Following up from there we have Generation 7- the precursor to the current Generation (as of this writing). Sun and Moon continued to push into the 3D groundwork laid by X and Y, improving upon the in-game character models by making them more proportional than the Generation 6 “chibi” people. These games also broke away from the stereotype of conquering 8 gyms to challenge the Pokémon League- a first for the series (and possibly last, after Generation 8 reverted back to that system) that shook up a cemented formula. It also included Z-Moves as a special, one-time attack per battle that players could use to overcome particularly difficult enemies. Once the game was beaten, players gained access to a special resort area where they could continue their story post-game, as well as participate in extra challenges like the cooperative Global Missions.

One of my personal favorite aspects of Gen 7 was the Alolan varieties of creatures we’d already seen before. Experiencing old creatures with new types and appearances made for a nostalgia trip that simultaneously felt fresh. Sun and Moon also ditched the HM (Hidden Machine) functionality of previous games. Players could call upon specific Pokémon Helpers to Surf, use Strength, etc., instead of forcing their team to carry certain useless HM moves for navigation. A welcome improvement!

But while Generation 7 innovated and smoothed out some of the series’ features, it also hurt a few others. Much like Generation 4 above, Gen 7 continued to oversaturate the legendary Pokémon scene with its 9 legendaries and 11 Ultra Beasts for a grand total of 20 new hard-to-catch Mons! It also mostly did away with Mega Evolution- a feature added just recently in Gen 6- and only included it in the post-game segments. But my biggest gripe of all is the game’s cutscenes. Sun and Moon might be the most hand-holdy entries in the franchise. I felt like I couldn’t even start a new Route without someone “showing” me the way… down a straight, one-way road.

Generation 7 did its fair share of introducing new features, but it also fell prey to its overuse of cutscenes and legendary Pokémon and thus lands second to last in my rankings.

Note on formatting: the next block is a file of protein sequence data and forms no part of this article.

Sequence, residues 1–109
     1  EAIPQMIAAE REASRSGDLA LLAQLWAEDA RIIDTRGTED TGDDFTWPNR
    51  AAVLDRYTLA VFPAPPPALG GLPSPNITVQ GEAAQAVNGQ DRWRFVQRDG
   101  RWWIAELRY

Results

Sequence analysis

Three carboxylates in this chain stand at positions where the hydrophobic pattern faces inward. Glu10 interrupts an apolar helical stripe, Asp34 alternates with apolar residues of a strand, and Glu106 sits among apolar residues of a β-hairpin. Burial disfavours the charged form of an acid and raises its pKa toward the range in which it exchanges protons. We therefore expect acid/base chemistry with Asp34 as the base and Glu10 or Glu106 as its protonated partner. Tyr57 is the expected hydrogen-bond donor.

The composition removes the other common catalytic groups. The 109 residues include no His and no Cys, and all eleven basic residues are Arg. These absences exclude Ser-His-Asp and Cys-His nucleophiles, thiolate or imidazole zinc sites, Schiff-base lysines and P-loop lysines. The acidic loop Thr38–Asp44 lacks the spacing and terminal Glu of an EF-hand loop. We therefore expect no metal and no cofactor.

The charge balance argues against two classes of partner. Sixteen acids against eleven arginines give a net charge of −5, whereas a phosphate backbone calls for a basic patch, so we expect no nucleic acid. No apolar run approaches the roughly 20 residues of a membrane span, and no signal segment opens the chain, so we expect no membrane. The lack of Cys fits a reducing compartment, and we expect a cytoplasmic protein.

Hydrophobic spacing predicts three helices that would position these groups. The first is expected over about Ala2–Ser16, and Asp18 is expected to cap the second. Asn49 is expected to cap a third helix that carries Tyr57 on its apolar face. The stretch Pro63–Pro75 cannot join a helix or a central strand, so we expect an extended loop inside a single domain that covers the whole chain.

6. Generation 1: Red, Blue, Yellow (in the U.S.)

Pokemon Red, Blue, and Yellow versions re-releasing on Nintendo 3DS | EW.com

Are you surprised? I know I was when I finally settled on a spot for these games that started it all and saw how low it was on the totem pole. Pokémon Red and Blue were truly life-changing for me, and on so many levels. I made good friends in grade school simply because we had a shared interest in these games that allowed you to catch and train creatures, teach them new moves, evolve them into stronger forms, and then trade and battle them with each other via Link Cable. All of us had our own teams and our own favorites. Pokémon Red and Blue (and eventually Yellow) laid the groundwork for an entire franchise, not the least of which was a series of incredible video games.

But these nostalgic games are far from perfect. They might still be a blast to play to this very day, but they are incredibly unbalanced (and glitchy, as so many of us discovered with Missingno. and the item duplication glitch). While there are 151 Pokémon to catch, there is a disparity in the amount of creatures available for the different types (only 3 Dragon-types but 32 Water-types) and the moves they can learn. Psychic-types were nearly unstoppable because Bug-types had no strong moves available and the Ghost-types were also paired with Poison- a type weak to Psychic. This made it quite easy to call the shots if your team had even two or three powerful Psychic Mons.